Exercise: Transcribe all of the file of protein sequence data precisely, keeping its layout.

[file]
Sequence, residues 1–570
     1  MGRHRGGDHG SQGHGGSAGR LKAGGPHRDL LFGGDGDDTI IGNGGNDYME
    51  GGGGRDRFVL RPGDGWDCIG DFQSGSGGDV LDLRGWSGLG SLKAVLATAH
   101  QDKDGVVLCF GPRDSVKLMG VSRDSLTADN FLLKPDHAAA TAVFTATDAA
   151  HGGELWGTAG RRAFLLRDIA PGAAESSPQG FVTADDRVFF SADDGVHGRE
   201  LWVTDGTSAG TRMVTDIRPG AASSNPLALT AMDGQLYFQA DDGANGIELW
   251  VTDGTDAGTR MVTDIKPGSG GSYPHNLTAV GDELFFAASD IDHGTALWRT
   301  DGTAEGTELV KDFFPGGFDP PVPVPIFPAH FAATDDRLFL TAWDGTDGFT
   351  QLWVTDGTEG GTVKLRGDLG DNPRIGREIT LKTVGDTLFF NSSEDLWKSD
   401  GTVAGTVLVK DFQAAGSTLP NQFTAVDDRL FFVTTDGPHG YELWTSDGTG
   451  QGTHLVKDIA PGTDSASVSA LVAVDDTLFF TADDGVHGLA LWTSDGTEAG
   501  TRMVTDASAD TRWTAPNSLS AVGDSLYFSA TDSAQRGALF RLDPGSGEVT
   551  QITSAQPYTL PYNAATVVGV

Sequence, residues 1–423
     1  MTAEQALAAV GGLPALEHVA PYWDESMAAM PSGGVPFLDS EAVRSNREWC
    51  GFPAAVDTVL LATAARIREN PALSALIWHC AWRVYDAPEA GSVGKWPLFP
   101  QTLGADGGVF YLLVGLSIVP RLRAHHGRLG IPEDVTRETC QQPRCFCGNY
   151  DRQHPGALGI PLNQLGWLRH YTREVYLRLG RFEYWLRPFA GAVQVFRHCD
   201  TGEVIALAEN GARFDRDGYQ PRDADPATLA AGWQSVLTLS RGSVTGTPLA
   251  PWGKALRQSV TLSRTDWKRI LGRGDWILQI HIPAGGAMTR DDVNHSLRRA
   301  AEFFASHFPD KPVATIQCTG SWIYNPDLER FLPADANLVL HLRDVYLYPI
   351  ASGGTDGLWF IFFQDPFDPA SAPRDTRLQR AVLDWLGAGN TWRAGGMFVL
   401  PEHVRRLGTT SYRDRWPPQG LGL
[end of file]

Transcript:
Sequence, residues 1–570
     1  MGRHRGGDHG SQGHGGSAGR LKAGGPHRDL LFGGDGDDTI IGNGGNDYME
    51  GGGGRDRFVL RPGDGWDCIG DFQSGSGGDV LDLRGWSGLG SLKAVLATAH
   101  QDKDGVVLCF GPRDSVKLMG VSRDSLTADN FLLKPDHAAA TAVFTATDAA
   151  HGGELWGTAG RRAFLLRDIA PGAAESSPQG FVTADDRVFF SADDGVHGRE
   201  LWVTDGTSAG TRMVTDIRPG AASSNPLALT AMDGQLYFQA DDGANGIELW
   251  VTDGTDAGTR MVTDIKPGSG GSYPHNLTAV GDELFFAASD IDHGTALWRT
   301  DGTAEGTELV KDFFPGGFDP PVPVPIFPAH FAATDDRLFL TAWDGTDGFT
   351  QLWVTDGTEG GTVKLRGDLG DNPRIGREIT LKTVGDTLFF NSSEDLWKSD
   401  GTVAGTVLVK DFQAAGSTLP NQFTAVDDRL FFVTTDGPHG YELWTSDGTG
   451  QGTHLVKDIA PGTDSASVSA LVAVDDTLFF TADDGVHGLA LWTSDGTEAG
   501  TRMVTDASAD TRWTAPNSLS AVGDSLYFSA TDSAQRGALF RLDPGSGEVT
   551  QITSAQPYTL PYNAATVVGV

Sequence, residues 1–423
     1  MTAEQALAAV GGLPALEHVA PYWDESMAAM PSGGVPFLDS EAVRSNREWC
    51  GFPAAVDTVL LATAARIREN PALSALIWHC AWRVYDAPEA GSVGKWPLFP
   101  QTLGADGGVF YLLVGLSIVP RLRAHHGRLG IPEDVTRETC QQPRCFCGNY
   151  DRQHPGALGI PLNQLGWLRH YTREVYLRLG RFEYWLRPFA GAVQVFRHCD
   201  TGEVIALAEN GARFDRDGYQ PRDADPATLA AGWQSVLTLS RGSVTGTPLA
   251  PWGKALRQSV TLSRTDWKRI LGRGDWILQI HIPAGGAMTR DDVNHSLRRA
   301  AEFFASHFPD KPVATIQCTG SWIYNPDLER FLPADANLVL HLRDVYLYPI
   351  ASGGTDGLWF IFFQDPFDPA SAPRDTRLQR AVLDWLGAGN TWRAGGMFVL
   401  PEHVRRLGTT SYRDRWPPQG LGL